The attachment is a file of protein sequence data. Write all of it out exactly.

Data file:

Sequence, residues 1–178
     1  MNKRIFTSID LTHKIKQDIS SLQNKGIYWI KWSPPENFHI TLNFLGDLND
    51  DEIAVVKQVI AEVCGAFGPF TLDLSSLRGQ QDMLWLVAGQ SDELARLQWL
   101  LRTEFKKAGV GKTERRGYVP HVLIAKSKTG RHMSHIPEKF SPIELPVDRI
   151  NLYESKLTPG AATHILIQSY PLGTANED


Sequence, residues 1–178
     1  MNKRIFTSID LTHKIKQDIS SLQNKGIYWI KWSPPENFHI TLNFLGDLND
    51  DEIAVVKQVI AEVCGAFGPF TLDLSSLRGQ QDMLWLVAGQ SDELARLQWL
   101  LRTEFKKAGV GKTERRGYVP HVLIAKSKTG RHMSHIPEKF SPIELPVDRI
   151  NLYESKLTPG AATHILIQSY PLGTANED